Texas Tech and Virginia have reached the national championship game by leaning on stingy defenses, overlooked and underappreciated stars, and no shortage of nail-biting NCAA Tournament wins.
MINNEAPOLIS (AP) — Texas Tech and Virginia have reached the national championship game by leaning on stingy defenses, overlooked and underappreciated stars, and no shortage of nail-biting NCAA Tournament wins.
So, what will it take for the Red Raiders to hoist their first basketball trophy — and second NCAA title trophy in any sport? And what will it take Virginia to finally win its first hoops title?
Here’s a look at why they’ll win:
Simply put: There is no way that likely NBA lottery pick Jarrett Culver struggles as much as he did in the Red Raiders’ semifinal victory over Michigan State, when he committed three turnovers and was held to 10 points on 3-of-12 shooting by the defensive-minded Spartans.
That’s only the start, though.
Backcourt mate Davide Moretti, who was downright heroic in their tournament win over Gonzaga, only had five points against Michigan State. Long, lanky forward Tariq Owens missed a good chunk of the second half with a foot injury, though it appears he’ll be ready to go against the Cavaliers.
Despite all those hiccups, the Red Raiders still turned back the Big Ten champs.
Maybe they’re just a team of destiny.
“Our goal has never been to make a tournament. It’s been to win the tournament,” said Texas Tech coach Chris Beard, the coaching vagabond whose toughness and tenacity has endeared him to fans back in West Texas. “It’s easy to talk about and really, really hard to do. But that’s where we started this whole thing, just trying to have the expectations and the vision where we could be relative.”
Oh, his club is quite relative now. The Red Raiders have the nation’s No. 1 defense by almost any metric, better even than the Cavs’ vaunted pack-line D, and their offense has been so quietly efficient over the past six weeks that Beard took umbrage with the lack of attention it has received.
They also have Culver, who should be the best player on the floor Monday night.
“It means everything,” he said. “This is what you started your summer for. This is what you worked all year. Just knowing you’re the last two teams playing on Monday night is just so special.”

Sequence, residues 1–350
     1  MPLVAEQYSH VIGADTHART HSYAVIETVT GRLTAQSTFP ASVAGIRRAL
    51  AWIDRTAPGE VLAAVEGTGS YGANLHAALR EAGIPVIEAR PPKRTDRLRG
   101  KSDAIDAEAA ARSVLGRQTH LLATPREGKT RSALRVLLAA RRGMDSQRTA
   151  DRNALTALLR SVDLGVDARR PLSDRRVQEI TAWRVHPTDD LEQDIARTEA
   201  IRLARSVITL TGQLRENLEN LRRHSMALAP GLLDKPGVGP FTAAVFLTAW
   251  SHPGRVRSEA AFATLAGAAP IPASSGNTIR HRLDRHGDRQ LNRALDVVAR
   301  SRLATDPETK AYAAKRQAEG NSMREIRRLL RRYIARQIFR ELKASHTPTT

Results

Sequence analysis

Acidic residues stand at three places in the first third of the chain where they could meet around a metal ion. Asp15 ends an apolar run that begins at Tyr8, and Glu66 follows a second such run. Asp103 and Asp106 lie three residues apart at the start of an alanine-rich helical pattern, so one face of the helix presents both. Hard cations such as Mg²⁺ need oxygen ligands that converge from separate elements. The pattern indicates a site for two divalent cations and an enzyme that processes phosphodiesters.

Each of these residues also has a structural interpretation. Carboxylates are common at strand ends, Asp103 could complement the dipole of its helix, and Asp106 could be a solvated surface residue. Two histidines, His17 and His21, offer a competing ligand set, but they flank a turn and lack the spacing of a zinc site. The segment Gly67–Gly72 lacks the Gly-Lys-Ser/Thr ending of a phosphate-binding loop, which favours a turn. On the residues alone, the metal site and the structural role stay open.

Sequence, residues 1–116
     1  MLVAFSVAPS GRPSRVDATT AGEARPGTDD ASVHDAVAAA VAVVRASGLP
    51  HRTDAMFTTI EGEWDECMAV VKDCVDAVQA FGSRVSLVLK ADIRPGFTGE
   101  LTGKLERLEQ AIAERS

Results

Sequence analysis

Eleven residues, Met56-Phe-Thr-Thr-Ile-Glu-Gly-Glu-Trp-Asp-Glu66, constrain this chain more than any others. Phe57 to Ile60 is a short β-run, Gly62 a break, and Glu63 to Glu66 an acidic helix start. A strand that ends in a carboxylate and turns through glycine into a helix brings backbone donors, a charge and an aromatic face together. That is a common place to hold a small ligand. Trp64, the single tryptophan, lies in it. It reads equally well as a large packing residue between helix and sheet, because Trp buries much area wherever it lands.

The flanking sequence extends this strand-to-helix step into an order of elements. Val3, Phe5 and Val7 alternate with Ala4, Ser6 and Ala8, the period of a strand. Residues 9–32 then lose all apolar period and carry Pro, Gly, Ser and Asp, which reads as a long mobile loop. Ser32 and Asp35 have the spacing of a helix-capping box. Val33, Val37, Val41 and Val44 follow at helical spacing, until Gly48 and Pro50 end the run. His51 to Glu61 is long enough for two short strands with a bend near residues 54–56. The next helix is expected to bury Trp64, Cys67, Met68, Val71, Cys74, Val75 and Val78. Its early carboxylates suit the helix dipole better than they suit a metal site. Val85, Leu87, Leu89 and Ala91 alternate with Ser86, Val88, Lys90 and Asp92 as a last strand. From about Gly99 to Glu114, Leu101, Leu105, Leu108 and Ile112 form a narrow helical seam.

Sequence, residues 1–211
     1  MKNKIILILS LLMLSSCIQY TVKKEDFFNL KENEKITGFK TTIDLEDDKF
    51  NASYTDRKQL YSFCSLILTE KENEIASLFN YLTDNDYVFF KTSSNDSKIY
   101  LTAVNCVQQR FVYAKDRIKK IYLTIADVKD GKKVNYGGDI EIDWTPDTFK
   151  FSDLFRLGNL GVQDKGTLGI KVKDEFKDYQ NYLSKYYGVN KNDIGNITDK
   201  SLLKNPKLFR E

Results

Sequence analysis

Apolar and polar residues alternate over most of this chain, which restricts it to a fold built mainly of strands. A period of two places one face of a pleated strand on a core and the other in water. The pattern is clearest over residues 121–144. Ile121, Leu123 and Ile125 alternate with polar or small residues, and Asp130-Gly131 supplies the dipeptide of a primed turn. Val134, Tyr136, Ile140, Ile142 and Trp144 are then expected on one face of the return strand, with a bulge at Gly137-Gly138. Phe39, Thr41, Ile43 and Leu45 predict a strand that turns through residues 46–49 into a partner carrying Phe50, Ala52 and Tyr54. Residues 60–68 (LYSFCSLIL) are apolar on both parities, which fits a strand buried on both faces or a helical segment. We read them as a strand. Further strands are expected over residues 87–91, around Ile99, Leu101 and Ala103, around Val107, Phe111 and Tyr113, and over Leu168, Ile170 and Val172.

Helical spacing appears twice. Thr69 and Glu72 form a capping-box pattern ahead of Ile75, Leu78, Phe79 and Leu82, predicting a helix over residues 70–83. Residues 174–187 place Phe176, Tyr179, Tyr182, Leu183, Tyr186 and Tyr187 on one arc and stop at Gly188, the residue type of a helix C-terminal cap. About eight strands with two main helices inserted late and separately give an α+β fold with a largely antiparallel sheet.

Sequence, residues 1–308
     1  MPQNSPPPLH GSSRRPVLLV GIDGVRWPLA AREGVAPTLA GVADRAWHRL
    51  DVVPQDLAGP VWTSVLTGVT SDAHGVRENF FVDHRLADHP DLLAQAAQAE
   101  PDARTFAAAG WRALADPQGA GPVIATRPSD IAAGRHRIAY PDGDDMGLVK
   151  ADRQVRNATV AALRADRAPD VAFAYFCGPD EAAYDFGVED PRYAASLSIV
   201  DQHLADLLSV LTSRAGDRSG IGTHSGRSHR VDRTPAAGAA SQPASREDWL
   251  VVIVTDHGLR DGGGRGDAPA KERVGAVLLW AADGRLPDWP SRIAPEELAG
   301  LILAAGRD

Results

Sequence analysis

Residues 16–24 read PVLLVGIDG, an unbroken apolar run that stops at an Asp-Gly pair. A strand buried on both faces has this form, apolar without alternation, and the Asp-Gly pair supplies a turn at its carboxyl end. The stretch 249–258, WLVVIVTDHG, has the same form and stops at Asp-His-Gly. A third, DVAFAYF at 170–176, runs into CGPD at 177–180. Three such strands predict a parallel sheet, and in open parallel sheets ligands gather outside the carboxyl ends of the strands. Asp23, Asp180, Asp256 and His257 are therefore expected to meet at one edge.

Yes, the Cavaliers are known for defense, but their methodical offense tends to hide the fact that they have been one of the most efficient teams in the country on that end of the floor.
Virginia rarely turns the ball over (8.9 per game, fewest in the country), has one of the best turnover-to-assist ratios in the country (1.59, fifth best) and is seventh in the nation in 3-point field goal percentage (39.4).
Texas Tech’s defense is not only the best Virginia has faced this season it is one of the best in recent college basketball history, according to KenPom metrics.
“We’re going to have to be ball strong,” Virginia assistant coach Jason Williford said. “They get a ton of deflections. They take the ball out of guys’ hands.”
With Kyle Guy, Ty Jerome and Kihei Clark, Virginia often has three ball-handlers on the floor. In third-team All-America wing De’Andre Hunter, the Cavaliers have another capable facilitator. That should help in the face of Tech’s grinding pressure.
And, of course, Virginia plays lock-down defense, too. This championship game seems destined to be a tight, possession-by-possession affair. The Cavaliers are built for those.
And after pulling off two straight minor miracles to get this far, it’s hard not to come away thinking: Whether it’s karma or fate or some type of divine intervention, it’s just Virginia’s year.
“Hopefully, whatever that is,” center Jack Salt said, “is still on our side.”
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